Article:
Continuing, and in many other parts, I felt we developers were sort of wrong audience for this session, as a lot of talk I believed was for project managers more than for developers, although we had a debate about that point. Ahmed went talking about how most PMs try to treat software as a defined process “Get all specs then build”. Don’t they try to put fixed estimate for the software? How would you get that unless it’s well defined? (A quick note was that there still are ways to get fair close estimate with empirical process as well). He talked about the story of trying to create a house in 4 hours. It was planned for 4 hours but was actually even done in 3.5 hours, but hey, it took 6 months of planning!
This is what we (I think he means PMs) try to do with software. But it doesn’t work. A great situations Ahmed told is that he once said to a customer “Do you want to 6 months to get you something you don’t want or wait 2 weeks to give you something you don’t want ??”. Because we all know the very first release of the software will not be what the customer really need. Adaptation to change is by default. The key is: “Inspect and Adapt (change to fit)”. Ahmed confirmed, this is just a different mind set. You could be doing Agile while still using existing process like CMMI.
Ahmed went first on more detailed talk about the Agile Manifesto. The manifesto says:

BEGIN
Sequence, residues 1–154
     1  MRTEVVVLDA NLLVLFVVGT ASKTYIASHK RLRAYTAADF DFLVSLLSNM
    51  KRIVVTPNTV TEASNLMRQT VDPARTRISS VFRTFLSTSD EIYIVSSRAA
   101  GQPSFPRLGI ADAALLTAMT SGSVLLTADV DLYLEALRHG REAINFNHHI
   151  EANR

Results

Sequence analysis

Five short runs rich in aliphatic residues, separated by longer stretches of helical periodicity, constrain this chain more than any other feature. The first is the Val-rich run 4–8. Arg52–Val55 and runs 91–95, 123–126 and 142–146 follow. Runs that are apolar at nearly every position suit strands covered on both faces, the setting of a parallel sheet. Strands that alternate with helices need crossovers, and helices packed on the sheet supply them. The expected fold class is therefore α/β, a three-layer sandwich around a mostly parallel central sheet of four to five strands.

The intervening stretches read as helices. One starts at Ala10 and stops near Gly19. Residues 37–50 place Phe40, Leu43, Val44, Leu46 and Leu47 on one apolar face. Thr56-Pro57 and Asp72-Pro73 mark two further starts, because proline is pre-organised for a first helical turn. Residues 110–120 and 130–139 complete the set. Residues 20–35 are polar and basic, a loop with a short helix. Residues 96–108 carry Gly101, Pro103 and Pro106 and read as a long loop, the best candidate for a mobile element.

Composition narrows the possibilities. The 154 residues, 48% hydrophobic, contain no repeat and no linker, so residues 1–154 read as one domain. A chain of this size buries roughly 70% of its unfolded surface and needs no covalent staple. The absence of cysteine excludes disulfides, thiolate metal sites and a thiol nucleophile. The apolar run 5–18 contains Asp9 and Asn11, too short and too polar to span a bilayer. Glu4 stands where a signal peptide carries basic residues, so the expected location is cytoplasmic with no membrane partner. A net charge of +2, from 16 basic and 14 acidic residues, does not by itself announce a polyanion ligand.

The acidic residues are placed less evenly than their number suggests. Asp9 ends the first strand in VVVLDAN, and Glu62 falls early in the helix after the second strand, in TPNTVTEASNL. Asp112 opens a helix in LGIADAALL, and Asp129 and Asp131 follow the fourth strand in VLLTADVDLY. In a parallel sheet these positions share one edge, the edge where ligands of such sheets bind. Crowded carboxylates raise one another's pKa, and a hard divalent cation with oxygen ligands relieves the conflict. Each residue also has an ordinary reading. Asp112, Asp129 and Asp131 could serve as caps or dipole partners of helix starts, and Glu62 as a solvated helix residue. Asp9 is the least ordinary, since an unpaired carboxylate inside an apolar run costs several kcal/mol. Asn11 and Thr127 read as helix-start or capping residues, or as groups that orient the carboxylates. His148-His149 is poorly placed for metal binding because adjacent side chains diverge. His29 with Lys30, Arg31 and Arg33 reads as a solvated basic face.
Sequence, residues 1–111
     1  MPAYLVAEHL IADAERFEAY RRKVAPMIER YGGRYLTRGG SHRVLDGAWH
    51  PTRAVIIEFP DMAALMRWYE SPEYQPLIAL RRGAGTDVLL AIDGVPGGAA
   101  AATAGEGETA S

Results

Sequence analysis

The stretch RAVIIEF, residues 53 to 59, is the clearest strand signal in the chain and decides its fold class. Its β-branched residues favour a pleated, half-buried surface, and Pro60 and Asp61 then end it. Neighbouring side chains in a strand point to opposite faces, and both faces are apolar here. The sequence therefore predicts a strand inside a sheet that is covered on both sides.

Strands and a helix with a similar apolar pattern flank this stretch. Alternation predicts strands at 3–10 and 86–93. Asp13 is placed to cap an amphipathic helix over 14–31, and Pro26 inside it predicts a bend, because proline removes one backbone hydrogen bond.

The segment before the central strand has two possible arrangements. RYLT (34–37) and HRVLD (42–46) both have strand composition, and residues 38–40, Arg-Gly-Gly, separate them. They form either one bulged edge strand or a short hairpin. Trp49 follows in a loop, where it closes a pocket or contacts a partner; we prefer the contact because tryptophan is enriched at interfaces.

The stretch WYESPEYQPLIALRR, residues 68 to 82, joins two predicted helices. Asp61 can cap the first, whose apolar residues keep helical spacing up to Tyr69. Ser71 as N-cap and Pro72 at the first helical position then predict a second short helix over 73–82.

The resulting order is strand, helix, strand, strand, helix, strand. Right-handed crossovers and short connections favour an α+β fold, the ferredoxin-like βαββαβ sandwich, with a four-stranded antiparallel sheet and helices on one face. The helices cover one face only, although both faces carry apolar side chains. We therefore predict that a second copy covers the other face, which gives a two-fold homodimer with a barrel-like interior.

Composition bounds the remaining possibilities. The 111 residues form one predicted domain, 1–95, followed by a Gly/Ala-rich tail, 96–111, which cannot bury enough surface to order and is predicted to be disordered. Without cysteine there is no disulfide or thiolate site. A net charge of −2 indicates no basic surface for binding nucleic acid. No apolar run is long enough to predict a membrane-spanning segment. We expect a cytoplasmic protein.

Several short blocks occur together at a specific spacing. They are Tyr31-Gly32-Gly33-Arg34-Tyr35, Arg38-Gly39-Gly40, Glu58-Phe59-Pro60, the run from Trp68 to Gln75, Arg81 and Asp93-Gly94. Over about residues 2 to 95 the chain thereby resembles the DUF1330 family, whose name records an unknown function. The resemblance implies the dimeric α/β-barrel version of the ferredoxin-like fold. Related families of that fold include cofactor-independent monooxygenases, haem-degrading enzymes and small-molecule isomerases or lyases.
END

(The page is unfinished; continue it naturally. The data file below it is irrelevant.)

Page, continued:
- Individuals and interactions over processes and tools
- Working software over comprehensive documentation
- Customer collaboration over contract negotiation
- Responding to change over following a plan
A point highlighted was that the right part after the word “over” in every line is still valued, it’s just values less vs. the left side. He asked, when the deadline is getting close, and you are missing features and specs for them, would you focus on documentation or working software?? The point is, we all already follow this manifesto, but we normally only follow it “IN CRISIS MODE”.
Then, Ahmed moved into the key principles behind Agile (sample details). First, the highest priority should be customer satisfaction. After all, that’s the one who pays for the software :D. You achieve that by keeping a value stream, that means keeping an early continuous delivery of valued software.
Another principle is welcoming requirement (plans / expected results) change – eve if late in development! Of course it should be understood and even communicated to the customer that this does not come for free. If the customer accepts the cost of change (time/money), then they should be welcomed. To know about the change as early as possible, we get to the next principle, deliver “working software” frequently (2 weeks to month), with preference to the shorter timescale. Also, another related principle is that business people should work daily throughout the project. Of course business people does not mean the customer here, but the business analyst